“At 63 years old, I’m finally activated,” she said. “I’m not just watching the news; I’m getting out there and doing something. I’m so tired of hearing how kids are coddled today. Our kids are doing great things, and they’re absolutely our future.”

One by one, Glacier High School students stood at the microphone in front of about 150 of their peers and read 17 brief biographies of the students and teachers slain in the Feb. 14 massacre.

“Please keep these stories with you,” student organizer Abigail Roston said. “Don’t forget these stories, because it could happen anywhere.”

The students filed out of the school at precisely 10 a.m., right when the students running the memorial began to read biographies of the 14 students and three teachers killed in the shooting.

Police presence was noticeable, with two officers standing guard between the students and the parking lot, and police vehicles in clear view. Several pairs of adults stopped by the event as well, and there were no counter protesters.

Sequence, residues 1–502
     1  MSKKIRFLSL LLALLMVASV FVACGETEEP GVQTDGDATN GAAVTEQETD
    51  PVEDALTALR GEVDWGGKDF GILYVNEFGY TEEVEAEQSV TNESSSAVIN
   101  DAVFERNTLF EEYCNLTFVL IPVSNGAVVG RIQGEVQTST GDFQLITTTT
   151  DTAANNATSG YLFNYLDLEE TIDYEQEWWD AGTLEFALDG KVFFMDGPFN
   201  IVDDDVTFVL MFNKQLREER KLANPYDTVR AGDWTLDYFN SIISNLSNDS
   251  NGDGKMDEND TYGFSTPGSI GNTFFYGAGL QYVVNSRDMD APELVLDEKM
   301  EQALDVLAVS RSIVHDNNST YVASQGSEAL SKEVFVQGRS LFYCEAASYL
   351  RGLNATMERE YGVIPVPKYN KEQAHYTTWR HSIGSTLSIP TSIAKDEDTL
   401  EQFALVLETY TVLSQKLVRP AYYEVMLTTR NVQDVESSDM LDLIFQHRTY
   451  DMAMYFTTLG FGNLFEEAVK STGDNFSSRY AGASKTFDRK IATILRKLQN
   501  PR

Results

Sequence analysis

The walkout wasn’t political, the students said, but rather intended to take a stand against gun violence in America, and against the idea that they should have to remain vigilant against shootings while they’re trying to learn.

As the biographies were read, the students quieted and stilled, the buzz from the change in their routine gone. They packed tightly together, and a small circle separated for prayer and contemplation.

Once all of the biographies were read, they listened to a song composed by the survivors at Marjory Stoneman Douglas, and Roston once again encouraged her peers to get involved, have their voices heard, to vote; the students plan to hold voter registration for 18-year-old students in coming weeks.

Roston also told her peers to remember that they are all human, and compassion can go a long way.

“Hug your parents, and cherish your friends,” she said. “Be kind.”

At precisely 10:17 a.m., the students walked back into the school. When asked about the event and her students afterward, Principal Callie Langhor said, “Very well-spoken.”